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After an accident, should you move off the road?

Posted by Allison Ruuska on 2/4/2008 at 1:00 PM

Car accidents can wreak havoc on an otherwise peaceful day. Even if they're minor, they often can create confusion about how to react and what to do immediately following an accident. A common question people have is, "Should I move my car off the road after an accident?" The answer to that question varies.

 

Let's look at some scenarios to determine whether you should move your car or not. Keep in mind that states may have different guidelines around what to do, so call your local highway patrol or law enforcement office to find out what your area recommends.

Fender Benders With No Injuries

If you're involved in a minor fender bender, such as another car rear-ending you or a car changing lanes into you, it's probably best to move your cars out of traffic after verifying no one is hurt. In fact, several states have signs along major highways that advise you to move your car off the road after a minor accident.

Once you move your car off the road, you still need to keep safety at the top of your mind. If possible, park your car in an area that is easily visible to upcoming cars so you don't raise your chances of getting hit by passing vehicles.

If you stay in your car, keep your seat belt on at all times. If you get out of your car, try to exit it on the opposite side of passing traffic, even if that means crawling to the passenger side of the car. When standing outside to exchange information or look at the damage, try to stand in front of or behind your car, but not beside it on the traffic side. Remember to try to stay as visible as possible. If you have flares, set them and stand as far from your vehicle and passing vehicles as you can.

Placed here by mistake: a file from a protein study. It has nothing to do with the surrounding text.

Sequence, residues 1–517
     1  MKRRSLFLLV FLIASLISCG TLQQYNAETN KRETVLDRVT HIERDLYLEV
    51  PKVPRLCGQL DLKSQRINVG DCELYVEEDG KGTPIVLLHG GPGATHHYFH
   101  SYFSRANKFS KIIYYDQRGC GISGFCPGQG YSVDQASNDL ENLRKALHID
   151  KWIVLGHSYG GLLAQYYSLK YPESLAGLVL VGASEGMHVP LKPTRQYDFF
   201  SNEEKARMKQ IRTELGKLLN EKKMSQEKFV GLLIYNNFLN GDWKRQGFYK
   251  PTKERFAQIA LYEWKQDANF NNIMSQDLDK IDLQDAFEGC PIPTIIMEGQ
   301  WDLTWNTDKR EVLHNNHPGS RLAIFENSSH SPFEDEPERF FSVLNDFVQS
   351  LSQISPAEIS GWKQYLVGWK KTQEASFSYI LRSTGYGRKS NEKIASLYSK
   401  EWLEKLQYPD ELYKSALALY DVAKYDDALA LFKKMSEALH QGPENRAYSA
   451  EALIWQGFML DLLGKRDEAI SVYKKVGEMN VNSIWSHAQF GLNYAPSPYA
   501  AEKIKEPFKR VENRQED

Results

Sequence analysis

Remember to keep your distance, even after law enforcement or other help arrives. Other drivers may not be paying attention, which still makes the situation dangerous for you.

Accidents With Injuries

If someone is hurt in an accident, or if a vehicle can't be driven afterward, leave your vehicles where they are — even if they're blocking traffic. Call for help as soon as possible, and be cognizant of approaching vehicles, as well as your own vehicle. You may need to remain in the car for a bit, or you may need to exit quickly. Either way, try to leave your vehicle by the safest exit possible. If you can get out on the opposite side of passing traffic, do so. Remember to keep your seat belt on as long as possible.

Another reason to leave your vehicle in the line of traffic is because law enforcement may need to inspect evidence about the crash for their investigation. By leaving your vehicle where it is — even if it snags traffic — law enforcement officers can try to gauge what happened, as well as who might be at fault for the accident. Depending on the circumstances, speed and point of impact can be determined from the evidence at the scene of the accident.

Safety Is Most Important

If your vehicle can be driven out of traffic, you most likely should move it away from traffic in an attempt to keep those involved safe. If your vehicle can't be moved, keep your seat belt on if you remain in the car, or exit the car when no other vehicles are coming up behind you. At all times, be aware of your surroundings, and remember that help will arrive, so stay calm and don't panic.

For even more safety tips, visit our Driving Safety section.

The information in this blog may vary based on your particular state or situation. Always refer to your insurance policy for your specific coverages.

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